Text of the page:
78.Opportunities for more coherent Government policy on low-carbon and renewable energy have arisen through recent Machinery of Government changes. A new Department for Business, Energy and Industrial Strategy (BEIS) has brought together the former DECC with elements of the former Department for Business, Industry and Skills (BIS): at best, this will enable more joined-up thinking on a low-carbon economy and place clean growth at the heart of a more influential Department; at worst, energy and climate-change issues will be buried by conflicting concerns. We note the new Economy and Industrial Strategy Cabinet Committee, a potentially positive move which brings together the Prime Minister, Chancellor of the Exchequer, and Secretaries of State for Business, Energy and Industrial Strategy, Communities and Local Government, the Environment, and Transport (among others). Their leadership will be central to developing renewable and low-carbon energy, which in turn is vital to the UK’s economy and industrial strategy.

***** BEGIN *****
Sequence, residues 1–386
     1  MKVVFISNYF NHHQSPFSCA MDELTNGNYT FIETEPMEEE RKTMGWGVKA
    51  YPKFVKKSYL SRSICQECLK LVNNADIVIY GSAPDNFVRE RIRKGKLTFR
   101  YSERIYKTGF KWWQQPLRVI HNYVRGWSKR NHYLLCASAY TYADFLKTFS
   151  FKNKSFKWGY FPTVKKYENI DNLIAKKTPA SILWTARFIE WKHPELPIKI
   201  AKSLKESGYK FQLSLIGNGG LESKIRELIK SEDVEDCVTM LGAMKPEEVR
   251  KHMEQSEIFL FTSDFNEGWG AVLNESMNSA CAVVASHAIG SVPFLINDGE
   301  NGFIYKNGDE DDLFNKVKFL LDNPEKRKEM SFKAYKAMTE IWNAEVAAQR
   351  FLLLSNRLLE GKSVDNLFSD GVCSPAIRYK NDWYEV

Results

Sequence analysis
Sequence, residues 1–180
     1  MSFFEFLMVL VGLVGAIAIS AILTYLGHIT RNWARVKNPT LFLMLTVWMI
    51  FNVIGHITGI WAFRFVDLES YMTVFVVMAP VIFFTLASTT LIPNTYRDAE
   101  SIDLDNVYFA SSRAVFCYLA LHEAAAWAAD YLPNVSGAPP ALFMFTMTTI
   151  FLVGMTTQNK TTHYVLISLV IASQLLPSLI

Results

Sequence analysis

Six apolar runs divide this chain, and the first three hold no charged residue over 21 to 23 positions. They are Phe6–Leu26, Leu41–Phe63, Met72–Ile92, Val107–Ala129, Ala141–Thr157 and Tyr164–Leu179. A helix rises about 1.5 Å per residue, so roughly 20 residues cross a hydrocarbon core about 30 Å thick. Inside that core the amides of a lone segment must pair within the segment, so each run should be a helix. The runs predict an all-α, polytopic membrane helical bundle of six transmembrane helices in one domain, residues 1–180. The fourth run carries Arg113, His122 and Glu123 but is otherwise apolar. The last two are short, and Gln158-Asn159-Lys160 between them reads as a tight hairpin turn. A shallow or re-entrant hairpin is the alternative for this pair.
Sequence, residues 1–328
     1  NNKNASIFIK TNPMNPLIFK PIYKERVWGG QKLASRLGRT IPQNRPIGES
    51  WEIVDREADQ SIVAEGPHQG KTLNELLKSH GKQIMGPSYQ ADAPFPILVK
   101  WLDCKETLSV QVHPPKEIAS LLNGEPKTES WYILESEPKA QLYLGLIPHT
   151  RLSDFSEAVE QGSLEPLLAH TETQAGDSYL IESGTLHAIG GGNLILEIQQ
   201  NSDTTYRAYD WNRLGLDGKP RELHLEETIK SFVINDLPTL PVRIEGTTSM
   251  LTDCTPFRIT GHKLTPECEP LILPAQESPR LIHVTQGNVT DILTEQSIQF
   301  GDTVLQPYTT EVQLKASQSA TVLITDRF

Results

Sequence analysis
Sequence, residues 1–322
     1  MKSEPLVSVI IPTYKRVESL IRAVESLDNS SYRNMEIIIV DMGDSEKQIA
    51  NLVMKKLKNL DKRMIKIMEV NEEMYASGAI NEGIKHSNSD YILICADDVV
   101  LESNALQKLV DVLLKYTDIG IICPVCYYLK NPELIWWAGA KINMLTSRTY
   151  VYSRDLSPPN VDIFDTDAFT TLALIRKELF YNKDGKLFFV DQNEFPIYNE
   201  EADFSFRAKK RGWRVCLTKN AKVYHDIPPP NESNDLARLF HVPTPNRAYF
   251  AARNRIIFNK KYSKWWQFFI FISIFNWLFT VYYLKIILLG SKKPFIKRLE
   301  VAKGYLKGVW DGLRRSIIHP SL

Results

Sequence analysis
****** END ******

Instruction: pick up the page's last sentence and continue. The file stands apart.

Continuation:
79.Decarbonisation is of critical importance, and the resources to achieve it—primarily bioenergy and the electricity networks—are limited: efficient resource allocation is therefore key. There is evidence that Government’s overall renewables strategy has been hampered by inconsistent approaches. The creation of a new Department for Business, Energy and Industrial Strategy is an opportunity for greater cooperation and consistency. The new Economy and Industrial Strategy Cabinet Committee should place meeting the UK’s renewables and decarbonisation targets at the heart of its terms of reference. We moreover recommend that, for any policy that deploys scarce resources to achieve decarbonisation and renewables objectives, the Government compares its costs and benefits against other potential uses of those resources—this process could be included in Impact Assessments.